Management alternatives for post-polio respiratory insufficiency. Assisted ventilation by nasal or oral-nasal interface

J. R. Bach, A. S. Alba, D. Shin

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24 Scopus citations


Post-poliomyelitis patients may develop insidious respiratory failure. Chronic alveolar hypoventilation symptoms are often misdiagnosed and the condition is frequently treated inappropriately by oxygen therapy. Physicians are often at a loss to offer assisted ventilation by noninvasive methods and tracheostomy and long-term tracheostomy intermittent positive pressure ventilation is often refused. We studied the use of two noninvasive positive airway pressure alternatives for the nocturnal ventilatory support of 31 post-poliomyelitis patients. These methods were intermittent positive pressure ventilation via nasal access (NIPPV) and via a strapless oral-nasal interface (SONI IPPV). The use of custom fabricated interfaces was also evaluated. Practical alternatives for assisted daytime ventilation included glossopharyngeal breathing, the pneumobelt ventilator and mouth intermittent positive pressure ventilation. Overnight sleep monitoring was performed on 10 patients breathing autonomously or with body ventilators then repeated on NIPPV and/or SONI IPPV. The mean sleep oxygen saturation (SaO2) increased from 87.5 ± 9.1% on unassisted breathing or body ventilators to 96.2 ± 2.0% (P < 0.01) on NIPPV or SONI IPPV. Of 12 other patients with a mean vital capacity of 472 ± 480 ml and no significant free time supine, 11 patients also maintained SaO2 >94% during sleep supine on NIPPV and/or SONI IPPV. Twenty-one patients have been on nocturnal NIPPV for an average of 23 (3-70) months. Six have been on nocturnal SONI IPPV for an average of 35 (5-66) months. All patients' hypoventilation symptoms were relieved. In conclusion, NIPPV and SONI IPPV can improve the nocturnal ventilation of postpoliomyelitis patients with chronic alveolar hypoventilation. Unnecessary morbidity can be avoided by early awareness and appropriate management.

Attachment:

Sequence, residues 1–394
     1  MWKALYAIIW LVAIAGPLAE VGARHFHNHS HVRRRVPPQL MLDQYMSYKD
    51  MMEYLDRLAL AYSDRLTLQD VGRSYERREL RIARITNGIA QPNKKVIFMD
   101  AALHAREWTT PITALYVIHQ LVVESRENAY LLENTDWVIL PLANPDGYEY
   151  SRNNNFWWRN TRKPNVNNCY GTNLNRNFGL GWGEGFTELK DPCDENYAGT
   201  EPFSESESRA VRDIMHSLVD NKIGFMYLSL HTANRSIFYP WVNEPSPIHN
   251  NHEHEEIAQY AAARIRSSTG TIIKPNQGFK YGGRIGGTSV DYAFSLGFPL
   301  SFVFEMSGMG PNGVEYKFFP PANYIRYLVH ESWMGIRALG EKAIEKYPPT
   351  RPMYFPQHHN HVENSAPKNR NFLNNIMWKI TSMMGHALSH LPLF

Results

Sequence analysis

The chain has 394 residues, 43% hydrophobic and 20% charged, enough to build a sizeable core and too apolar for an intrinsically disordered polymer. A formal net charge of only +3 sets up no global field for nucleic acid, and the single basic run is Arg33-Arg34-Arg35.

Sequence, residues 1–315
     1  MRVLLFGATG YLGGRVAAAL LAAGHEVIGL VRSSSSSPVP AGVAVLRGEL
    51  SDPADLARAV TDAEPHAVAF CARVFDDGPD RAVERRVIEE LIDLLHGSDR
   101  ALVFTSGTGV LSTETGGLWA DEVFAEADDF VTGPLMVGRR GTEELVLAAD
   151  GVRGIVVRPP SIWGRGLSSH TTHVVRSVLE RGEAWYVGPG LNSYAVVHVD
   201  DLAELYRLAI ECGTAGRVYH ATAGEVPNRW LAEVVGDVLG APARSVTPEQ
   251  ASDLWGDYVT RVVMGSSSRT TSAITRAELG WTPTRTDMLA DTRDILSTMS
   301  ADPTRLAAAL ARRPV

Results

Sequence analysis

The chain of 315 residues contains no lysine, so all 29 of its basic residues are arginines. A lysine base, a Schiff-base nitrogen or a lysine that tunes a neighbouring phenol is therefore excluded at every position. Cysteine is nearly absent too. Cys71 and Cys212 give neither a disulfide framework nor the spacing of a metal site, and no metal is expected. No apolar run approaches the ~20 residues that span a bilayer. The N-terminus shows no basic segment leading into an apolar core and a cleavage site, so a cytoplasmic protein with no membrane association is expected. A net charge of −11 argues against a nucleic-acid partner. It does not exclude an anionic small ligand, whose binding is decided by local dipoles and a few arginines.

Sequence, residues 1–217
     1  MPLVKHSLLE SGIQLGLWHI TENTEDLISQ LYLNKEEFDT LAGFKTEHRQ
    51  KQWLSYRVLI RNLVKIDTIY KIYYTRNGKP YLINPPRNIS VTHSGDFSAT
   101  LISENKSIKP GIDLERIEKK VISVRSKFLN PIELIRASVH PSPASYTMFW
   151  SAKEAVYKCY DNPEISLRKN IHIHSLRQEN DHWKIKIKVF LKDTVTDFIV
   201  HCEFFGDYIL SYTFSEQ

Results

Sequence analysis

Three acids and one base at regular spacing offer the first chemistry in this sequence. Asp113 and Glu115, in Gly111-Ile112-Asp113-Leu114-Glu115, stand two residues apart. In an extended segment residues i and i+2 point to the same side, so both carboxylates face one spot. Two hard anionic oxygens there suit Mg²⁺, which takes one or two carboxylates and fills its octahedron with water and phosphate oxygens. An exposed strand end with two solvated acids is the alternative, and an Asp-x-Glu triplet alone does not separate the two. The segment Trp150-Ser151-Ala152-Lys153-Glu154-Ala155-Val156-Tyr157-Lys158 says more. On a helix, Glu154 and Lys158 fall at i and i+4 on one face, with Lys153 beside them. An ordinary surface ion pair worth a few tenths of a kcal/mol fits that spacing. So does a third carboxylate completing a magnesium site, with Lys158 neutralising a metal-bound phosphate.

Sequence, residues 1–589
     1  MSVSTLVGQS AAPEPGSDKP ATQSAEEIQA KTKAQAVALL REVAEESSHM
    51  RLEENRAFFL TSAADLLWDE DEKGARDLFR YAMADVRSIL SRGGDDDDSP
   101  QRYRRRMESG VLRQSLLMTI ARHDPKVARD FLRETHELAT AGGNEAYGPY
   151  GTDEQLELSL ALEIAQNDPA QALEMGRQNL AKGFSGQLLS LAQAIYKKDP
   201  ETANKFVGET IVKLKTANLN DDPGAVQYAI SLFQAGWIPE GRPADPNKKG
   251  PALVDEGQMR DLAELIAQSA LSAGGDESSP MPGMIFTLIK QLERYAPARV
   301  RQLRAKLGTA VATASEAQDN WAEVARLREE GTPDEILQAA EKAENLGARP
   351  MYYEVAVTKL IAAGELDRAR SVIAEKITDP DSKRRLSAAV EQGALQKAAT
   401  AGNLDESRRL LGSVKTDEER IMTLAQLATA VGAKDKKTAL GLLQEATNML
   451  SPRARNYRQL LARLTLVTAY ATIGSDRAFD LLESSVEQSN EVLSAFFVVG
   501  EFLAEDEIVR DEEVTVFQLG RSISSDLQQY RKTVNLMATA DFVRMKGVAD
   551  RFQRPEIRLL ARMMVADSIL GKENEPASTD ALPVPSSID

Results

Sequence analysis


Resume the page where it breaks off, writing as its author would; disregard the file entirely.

Original languageEnglish (US)
Pages (from-to)264-271
Number of pages8
JournalAmerican Journal of Physical Medicine and Rehabilitation
Issue number6
StatePublished - 1989

All Science Journal Classification (ASJC) codes

  • Physical Therapy, Sports Therapy and Rehabilitation
  • Rehabilitation


  • hypoventilation
  • oximetry
  • poliomyelitis
  • ventilation


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